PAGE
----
**** ROTATE **** **** ROTATE **** **** ROTATE **** **** ROTATE ****

Find this Story

Print, a form you can hold

Wireless download to your Amazon Kindle

Look for a summary or analysis of this Story.

Enjoy this? Share it!

by [?]

Seated in your comfortable club, my very dear sir, or in your delightful drawing-room, madam, you may smile pityingly at the idea of a mascot saving anybody’s life. “What will be, will be,” you say to yourself (or in Italian to your friends), “and to suppose that a charm round the neck of a soldier will divert a German shell is ridiculous.” But out there, through the crumps, things look otherwise.

Common had sat on the mantelpiece at home. An ugly little ginger dog, with a bit of red tape for his tongue and two black beads for his eyes, he viewed his limited world with an air of innocent impertinence very attractive to visitors. Common he looked and Common he was called, with a Christian name of Howard for registration. For six months he sat there, and no doubt he thought that he had seen all that there was to see of the world when the summons came which was to give him so different an outlook on life.

For that summons meant the breaking up of his home. Master was going wandering from trench to trench, Mistress from one person’s house to another person’s house. She no doubt would take Common with her; or perhaps she couldn’t be bothered with an ugly little ginger dog, and he would be stored in some repository, boarded out in some Olympic kennel. “Or do you possibly think Master might–“

He looked very wistful that last morning, so wistful that Mistress couldn’t bear it, and she slipped him in hastily between the revolver and the boracic powder, “Just to look after you,” she said. So Common came with me to France.

His first view of the country was at Rouen, when he sat at the entrance to my tent and hooshed the early morning flies away. His next at a village behind the lines, where he met stout fellows of “D” Company and took the centre of the table at mess in the apple orchard; and moreover was introduced to a French maiden of two, with whom, at the instigation of the seconds in the business–her mother and myself–a prolonged but monotonous conversation in the French tongue ensued, Common, under suitable pressure, barking idiomatically, and the maiden, carefully prompted, replying with the native for “Bow-wow.” A pretty greenwood scene beneath the apple-trees, and in any decent civilization the great adventure would have ended there. But Common knew that it was not only for this that he had been brought out, and that there was more arduous work to come.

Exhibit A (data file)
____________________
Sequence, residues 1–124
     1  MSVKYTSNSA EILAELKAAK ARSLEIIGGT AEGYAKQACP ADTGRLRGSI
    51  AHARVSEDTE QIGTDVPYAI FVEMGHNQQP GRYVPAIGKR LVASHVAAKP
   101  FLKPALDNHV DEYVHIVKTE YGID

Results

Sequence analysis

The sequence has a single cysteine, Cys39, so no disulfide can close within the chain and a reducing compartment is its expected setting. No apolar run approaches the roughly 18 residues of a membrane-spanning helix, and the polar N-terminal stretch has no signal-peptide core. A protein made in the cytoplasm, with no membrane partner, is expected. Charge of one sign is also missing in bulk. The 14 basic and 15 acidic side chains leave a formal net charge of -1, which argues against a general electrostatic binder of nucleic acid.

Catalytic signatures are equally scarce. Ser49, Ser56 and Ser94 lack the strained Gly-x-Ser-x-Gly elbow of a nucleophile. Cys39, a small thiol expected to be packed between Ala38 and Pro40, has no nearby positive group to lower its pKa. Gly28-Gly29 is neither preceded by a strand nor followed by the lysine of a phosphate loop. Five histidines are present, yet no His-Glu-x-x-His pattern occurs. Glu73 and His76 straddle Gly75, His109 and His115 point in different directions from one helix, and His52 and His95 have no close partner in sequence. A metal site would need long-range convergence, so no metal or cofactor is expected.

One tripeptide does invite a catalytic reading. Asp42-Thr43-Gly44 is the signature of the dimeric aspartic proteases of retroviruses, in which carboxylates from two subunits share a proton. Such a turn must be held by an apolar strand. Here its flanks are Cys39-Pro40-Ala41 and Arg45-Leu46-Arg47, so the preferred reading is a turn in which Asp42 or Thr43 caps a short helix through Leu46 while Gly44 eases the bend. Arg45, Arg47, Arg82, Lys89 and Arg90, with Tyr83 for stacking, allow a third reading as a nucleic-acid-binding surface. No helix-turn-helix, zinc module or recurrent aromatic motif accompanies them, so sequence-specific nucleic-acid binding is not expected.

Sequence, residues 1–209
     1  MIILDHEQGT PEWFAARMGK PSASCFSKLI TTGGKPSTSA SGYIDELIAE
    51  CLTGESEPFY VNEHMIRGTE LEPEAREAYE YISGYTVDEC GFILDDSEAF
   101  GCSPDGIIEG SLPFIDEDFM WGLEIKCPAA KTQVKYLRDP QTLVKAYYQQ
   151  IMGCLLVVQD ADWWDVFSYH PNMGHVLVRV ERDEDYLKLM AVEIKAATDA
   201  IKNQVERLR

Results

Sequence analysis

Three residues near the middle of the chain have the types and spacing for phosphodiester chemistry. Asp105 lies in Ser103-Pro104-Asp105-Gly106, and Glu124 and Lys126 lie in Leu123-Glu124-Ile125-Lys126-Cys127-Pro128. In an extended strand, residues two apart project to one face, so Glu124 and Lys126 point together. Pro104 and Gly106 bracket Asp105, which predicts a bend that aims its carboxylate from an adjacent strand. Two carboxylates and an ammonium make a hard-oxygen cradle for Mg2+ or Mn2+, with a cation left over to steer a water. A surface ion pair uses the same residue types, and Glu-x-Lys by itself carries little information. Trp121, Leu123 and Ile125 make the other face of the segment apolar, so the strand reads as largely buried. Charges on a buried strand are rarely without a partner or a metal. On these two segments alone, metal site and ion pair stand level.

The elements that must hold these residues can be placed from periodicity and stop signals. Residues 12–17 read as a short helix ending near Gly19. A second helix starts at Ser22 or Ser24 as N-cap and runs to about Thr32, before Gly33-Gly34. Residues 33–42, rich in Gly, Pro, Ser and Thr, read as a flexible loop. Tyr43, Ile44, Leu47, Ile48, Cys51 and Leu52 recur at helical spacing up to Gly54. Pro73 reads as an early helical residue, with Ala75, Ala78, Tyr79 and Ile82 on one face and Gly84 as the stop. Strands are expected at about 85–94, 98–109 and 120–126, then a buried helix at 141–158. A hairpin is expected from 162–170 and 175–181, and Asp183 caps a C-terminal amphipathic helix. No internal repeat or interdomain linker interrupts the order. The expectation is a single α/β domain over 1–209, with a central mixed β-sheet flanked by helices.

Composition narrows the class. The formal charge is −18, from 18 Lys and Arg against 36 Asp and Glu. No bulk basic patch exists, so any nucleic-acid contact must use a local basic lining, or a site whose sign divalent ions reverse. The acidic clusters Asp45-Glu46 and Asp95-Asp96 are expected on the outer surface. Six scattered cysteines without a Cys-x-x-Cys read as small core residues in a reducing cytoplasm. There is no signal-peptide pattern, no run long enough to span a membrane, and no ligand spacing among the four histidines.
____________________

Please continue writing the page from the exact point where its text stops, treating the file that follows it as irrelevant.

Once more he retired to the valise, for we were making now for a vill–for a heap of bricks near the river; you may guess the river. It was about this time that I made a little rhyme for him:

There was a young puppy called Howard,
Who at fighting was rather a coward;
He never quite ran
When the battle began,
But he started at once to bow-wow hard.

A good poet is supposed to be superior to the exigencies of rhyme, but I am afraid that in any case Common’s reputation had to be sacrificed to them. To be lyrical over anybody called Howard Common without hinting that he–well, try for yourself. Anyhow it was a lie, as so much good poetry is.

There came a time when valises were left behind and life for a fortnight had to be sustained on a pack. One seems to want very many things, but there was no hesitation about Common’s right to a place. So he came to see his first German dug-out, and to get a proper understanding of this dead bleached land and the great work which awaited him there. It was to blow away shells and bullets when they came too near the master in whose pocket he sat.

In this he was successful; but I think that the feat in which he takes most pride was performed one very early summer morning. A telephone line had to be laid, and, for reasons obvious to Common, rather rapidly. It was laid safely–a mere nothing to him by this time. But when it was joined up to the telephone in the front line, then he realized that he was called upon to be not only a personal mascot, but a mascot to the battalion, and he sat himself upon the telephone and called down a blessing on that cable, so that it remained whole for two days and a night when by all the rules it should have been in a thousand pieces. “And even if I didn’t really do it all myself,” he said, “anyhow I did make some of the men in the trench smile a little that morning, and there wasn’t so very much smiling going on just then, you know.”